Category archives for Infectious Diseases
Last week, researchers officially opened enrollment in the nation’s first decades-long study of lesbian, gay, bisexual, transgender and queer health — an effort they hope will transform our understanding of the health challenges LGBTQ people face and begin narrowing a giant data gap on their physical, mental and social well-being.
A Zika attack rate of just 1 percent across the six states most at risk for the mosquito-borne disease could result in $1.2 billion in medical costs and lost productivity, a new study finds. That’s more than the $1.1 billion in emergency Zika funding that Congress approved last year after months of delay and which is expected to run out this summer.
Protecting babies and children against dangerous — sometimes fatal — diseases is a core mission of public health. Everyday, in health departments across the nation, someone is working on maintaining and improving childhood vaccination rates and keeping diseases like measles and mumps from regaining a foothold in the U.S.
Public health is in trouble.
Most news on the dangers of antibiotic-resistant infections focus on adults. But children are very much at risk too. In fact, a recent study found that U.S. children have experienced a 700 percent surge in infections caused by particular bacteria that’s both resistant to multiple antibiotics and responsible for growing numbers of serious bacterial infections in kids.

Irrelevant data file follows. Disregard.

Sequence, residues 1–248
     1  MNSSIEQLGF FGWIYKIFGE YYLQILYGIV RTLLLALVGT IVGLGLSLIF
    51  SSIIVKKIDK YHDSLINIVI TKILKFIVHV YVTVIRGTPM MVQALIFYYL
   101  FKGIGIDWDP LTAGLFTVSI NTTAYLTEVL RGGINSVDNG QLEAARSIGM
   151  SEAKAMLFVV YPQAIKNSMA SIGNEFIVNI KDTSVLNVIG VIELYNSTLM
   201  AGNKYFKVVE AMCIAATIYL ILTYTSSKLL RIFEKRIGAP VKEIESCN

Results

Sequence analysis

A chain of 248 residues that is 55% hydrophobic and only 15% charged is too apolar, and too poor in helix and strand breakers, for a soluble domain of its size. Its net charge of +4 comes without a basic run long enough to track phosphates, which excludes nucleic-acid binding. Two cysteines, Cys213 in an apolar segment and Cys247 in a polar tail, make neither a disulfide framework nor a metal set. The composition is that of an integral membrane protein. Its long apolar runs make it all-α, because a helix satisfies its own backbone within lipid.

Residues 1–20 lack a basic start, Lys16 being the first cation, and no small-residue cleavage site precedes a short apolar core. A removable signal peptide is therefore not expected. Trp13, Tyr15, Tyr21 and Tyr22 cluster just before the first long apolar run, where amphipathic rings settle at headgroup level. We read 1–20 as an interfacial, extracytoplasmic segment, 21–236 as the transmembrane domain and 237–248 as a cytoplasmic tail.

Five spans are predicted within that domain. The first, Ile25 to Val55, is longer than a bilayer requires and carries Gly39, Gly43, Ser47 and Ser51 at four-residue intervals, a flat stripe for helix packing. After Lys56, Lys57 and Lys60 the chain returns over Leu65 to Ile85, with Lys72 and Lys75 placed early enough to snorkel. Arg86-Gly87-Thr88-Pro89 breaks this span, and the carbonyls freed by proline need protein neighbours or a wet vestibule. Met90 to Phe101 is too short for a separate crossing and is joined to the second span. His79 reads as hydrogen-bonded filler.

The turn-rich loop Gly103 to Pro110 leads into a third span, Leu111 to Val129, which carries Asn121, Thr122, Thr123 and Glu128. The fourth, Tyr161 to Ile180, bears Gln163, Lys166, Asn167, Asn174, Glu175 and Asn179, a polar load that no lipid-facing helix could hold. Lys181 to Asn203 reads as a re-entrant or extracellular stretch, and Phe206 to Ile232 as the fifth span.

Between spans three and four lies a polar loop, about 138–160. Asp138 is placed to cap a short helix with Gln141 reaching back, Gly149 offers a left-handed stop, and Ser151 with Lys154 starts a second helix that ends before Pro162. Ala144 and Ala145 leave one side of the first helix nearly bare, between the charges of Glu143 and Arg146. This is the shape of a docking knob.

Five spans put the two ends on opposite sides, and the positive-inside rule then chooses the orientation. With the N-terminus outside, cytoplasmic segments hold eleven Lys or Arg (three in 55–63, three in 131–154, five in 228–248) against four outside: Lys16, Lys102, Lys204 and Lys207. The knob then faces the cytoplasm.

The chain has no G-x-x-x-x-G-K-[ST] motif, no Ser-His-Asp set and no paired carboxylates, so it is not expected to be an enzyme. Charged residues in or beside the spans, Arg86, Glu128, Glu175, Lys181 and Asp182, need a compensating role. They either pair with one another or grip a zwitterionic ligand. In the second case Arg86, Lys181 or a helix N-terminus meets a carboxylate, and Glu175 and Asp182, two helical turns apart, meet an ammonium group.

The anti-vaxxers were out again this week, spreading misinformation and debunked science about an intervention that’s saved millions of lives and prevented immeasurable human suffering. It’s unconscionable.
While The Pump Handle is on holiday break, we are republishing some of our favorite posts from the past year. This one is from July 2016: In 2005, the World Health Assembly adopted a revised version of its International Health Regulations, a legally binding treaty among 196 nations to boost global health security and strengthen the world’s capacity to confront serious disease threats such as Ebola and SARS. A decade later, just one-third of countries have the ability to respond to a public health emergency. That’s why Rebecca Katz thinks it’s time to get creative.
Last week, the journal Antibiotic Agents and Chemotherapy posted an accepted manuscript that contains some very bad news: an easy-to-spread gene that makes bacteria resistant to an important class of antibiotics has been found in 2015 samples from a US pig farm.
For the first time in more than two decades, U.S. life expectancy has dropped.
Months after a severe earthquake devastated Haiti in 2010, UN peacekeeping troops exacerbated Haitians’ suffering by introducing cholera to the island. After Hurricane Matthew, cholera cases are surging again, and the UN admits it has a moral responsibility to address the situation.